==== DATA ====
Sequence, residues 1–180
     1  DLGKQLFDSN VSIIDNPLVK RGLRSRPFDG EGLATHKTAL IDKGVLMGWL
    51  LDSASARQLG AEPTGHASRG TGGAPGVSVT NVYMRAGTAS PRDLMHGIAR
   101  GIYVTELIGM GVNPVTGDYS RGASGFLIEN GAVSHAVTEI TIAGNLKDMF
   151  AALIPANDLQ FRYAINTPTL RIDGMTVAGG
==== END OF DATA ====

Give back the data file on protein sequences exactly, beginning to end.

Sequence, residues 1–180
     1  DLGKQLFDSN VSIIDNPLVK RGLRSRPFDG EGLATHKTAL IDKGVLMGWL
    51  LDSASARQLG AEPTGHASRG TGGAPGVSVT NVYMRAGTAS PRDLMHGIAR
   101  GIYVTELIGM GVNPVTGDYS RGASGFLIEN GAVSHAVTEI TIAGNLKDMF
   151  AALIPANDLQ FRYAINTPTL RIDGMTVAGG